New drugs, particularly those belonging to novel drug classes, can dramatically improve clinical outcomes but may also lead to serious toxicities. Given an emphasis on disease outcomes, drug-related toxicities may go unrecognized for years. Delayed toxicity recognition in rapidly adopted drugs can impede clinicians’ ability to weigh potential drug benefits against harms and lead to unintended patient harm.10 A 2016 National Cancer Policy Forum workshop on drug development emphasized balancing the benefits and harms of new drugs, noting that poor knowledge of adverse events limits risk-benefit modeling.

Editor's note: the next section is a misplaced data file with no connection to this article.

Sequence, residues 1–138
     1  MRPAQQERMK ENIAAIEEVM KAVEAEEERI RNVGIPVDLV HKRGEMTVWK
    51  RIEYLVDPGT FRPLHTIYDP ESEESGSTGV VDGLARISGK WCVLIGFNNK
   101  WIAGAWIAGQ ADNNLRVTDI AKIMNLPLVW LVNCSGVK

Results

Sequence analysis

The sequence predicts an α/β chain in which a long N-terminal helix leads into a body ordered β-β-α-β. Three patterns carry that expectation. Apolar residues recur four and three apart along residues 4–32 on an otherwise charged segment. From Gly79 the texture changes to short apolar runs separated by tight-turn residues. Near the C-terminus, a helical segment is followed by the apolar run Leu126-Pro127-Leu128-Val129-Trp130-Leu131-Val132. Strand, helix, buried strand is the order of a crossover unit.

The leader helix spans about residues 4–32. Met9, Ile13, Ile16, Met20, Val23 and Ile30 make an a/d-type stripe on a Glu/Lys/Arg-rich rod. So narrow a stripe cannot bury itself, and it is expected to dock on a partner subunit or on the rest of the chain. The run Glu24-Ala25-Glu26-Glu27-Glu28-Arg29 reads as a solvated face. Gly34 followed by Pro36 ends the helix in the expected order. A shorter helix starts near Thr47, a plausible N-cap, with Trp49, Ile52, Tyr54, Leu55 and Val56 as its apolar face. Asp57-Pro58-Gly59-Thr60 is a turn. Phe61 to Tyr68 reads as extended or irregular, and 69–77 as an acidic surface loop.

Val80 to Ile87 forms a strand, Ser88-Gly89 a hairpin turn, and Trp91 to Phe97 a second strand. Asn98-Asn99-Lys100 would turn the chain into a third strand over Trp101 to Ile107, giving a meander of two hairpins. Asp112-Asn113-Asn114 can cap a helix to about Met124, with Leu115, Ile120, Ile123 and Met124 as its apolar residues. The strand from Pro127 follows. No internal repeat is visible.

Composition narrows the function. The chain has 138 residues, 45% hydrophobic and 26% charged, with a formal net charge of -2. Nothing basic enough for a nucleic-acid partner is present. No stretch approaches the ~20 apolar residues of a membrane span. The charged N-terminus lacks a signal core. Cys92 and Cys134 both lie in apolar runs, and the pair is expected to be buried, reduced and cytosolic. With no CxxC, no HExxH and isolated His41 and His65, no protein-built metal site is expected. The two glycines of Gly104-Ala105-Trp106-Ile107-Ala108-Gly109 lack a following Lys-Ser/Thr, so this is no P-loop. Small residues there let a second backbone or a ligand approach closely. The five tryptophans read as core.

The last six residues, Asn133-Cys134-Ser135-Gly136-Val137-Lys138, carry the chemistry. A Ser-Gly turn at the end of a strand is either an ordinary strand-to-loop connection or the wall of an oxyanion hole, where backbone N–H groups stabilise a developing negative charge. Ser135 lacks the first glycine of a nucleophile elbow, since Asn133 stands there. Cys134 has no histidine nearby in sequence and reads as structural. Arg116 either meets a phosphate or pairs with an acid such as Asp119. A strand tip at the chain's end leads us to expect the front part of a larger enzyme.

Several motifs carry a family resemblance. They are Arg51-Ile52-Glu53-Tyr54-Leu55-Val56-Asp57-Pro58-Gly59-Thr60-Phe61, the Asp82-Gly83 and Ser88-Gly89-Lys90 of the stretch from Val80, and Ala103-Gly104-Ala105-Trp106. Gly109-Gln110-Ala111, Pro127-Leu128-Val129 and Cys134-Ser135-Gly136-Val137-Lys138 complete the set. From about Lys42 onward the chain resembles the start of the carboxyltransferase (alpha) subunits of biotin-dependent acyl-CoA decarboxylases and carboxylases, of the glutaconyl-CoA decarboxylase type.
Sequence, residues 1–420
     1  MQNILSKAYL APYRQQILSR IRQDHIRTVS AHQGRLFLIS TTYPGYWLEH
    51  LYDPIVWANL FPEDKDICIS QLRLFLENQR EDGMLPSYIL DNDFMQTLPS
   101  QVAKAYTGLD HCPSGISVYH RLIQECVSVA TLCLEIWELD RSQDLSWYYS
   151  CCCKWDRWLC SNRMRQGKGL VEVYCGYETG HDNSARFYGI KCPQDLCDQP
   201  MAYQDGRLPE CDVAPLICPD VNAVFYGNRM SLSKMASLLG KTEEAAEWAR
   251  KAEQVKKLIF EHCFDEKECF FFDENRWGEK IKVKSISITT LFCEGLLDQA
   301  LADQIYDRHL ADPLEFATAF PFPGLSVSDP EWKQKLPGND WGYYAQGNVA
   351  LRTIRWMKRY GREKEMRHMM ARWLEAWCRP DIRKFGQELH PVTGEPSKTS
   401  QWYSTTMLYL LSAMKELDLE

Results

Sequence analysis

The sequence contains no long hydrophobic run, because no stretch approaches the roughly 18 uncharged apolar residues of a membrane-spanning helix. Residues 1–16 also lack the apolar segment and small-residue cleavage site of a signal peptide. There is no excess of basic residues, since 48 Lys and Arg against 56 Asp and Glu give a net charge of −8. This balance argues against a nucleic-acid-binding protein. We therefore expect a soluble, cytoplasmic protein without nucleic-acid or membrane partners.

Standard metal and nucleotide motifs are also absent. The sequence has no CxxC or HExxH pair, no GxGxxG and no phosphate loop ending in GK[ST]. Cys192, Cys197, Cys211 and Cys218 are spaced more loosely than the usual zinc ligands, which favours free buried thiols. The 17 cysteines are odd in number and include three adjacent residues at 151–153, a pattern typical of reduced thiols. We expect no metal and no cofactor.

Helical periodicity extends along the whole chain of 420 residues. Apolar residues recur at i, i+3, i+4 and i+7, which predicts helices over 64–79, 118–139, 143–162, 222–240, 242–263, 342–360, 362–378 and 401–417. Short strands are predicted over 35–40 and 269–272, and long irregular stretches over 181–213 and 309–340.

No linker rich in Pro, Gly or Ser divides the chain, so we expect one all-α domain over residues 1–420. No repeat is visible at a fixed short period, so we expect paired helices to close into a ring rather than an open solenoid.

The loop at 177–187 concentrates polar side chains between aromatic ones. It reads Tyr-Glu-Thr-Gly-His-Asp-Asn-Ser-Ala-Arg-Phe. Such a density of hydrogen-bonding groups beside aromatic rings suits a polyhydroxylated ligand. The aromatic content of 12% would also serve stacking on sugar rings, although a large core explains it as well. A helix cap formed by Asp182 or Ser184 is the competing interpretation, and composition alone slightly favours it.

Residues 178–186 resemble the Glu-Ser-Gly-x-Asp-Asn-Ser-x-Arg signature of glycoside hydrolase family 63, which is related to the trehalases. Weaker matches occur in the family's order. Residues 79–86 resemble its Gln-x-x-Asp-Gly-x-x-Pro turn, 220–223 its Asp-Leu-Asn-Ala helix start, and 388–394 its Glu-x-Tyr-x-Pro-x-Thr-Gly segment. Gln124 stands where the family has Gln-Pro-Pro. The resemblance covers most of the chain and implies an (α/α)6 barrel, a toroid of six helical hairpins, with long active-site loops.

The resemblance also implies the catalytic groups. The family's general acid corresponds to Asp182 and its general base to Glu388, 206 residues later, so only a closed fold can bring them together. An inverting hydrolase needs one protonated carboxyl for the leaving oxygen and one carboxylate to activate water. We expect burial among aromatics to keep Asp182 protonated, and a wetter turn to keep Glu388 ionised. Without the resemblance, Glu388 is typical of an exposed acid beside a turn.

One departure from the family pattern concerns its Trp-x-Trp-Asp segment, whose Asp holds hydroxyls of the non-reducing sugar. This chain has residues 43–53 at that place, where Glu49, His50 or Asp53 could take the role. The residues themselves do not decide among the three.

Our search identified 325 studies; we extracted data from 20 studies representing 15 RCTs. Most trials (n = 15) reported adverse events using MedDRA. The number of descriptive terms ranged from eight for thyroiditis to 24 for colitis. For dermatitis, all trials reported pruritus (n = 15); most reported rash (n = 14). For hepatitis and thyroiditis, 14 trials reported at least one adverse event term, most often a diagnosis or test result.
In conclusion, novel drug classes have the potential to dramatically improve outcomes in patients with cancer, but rapid understanding of their toxicities is critical. Although ClinicalTrials.gov has the potential to facilitate more complete understanding of toxicities, the wide-ranging terminology in current use impedes transparency and possibly patient safety.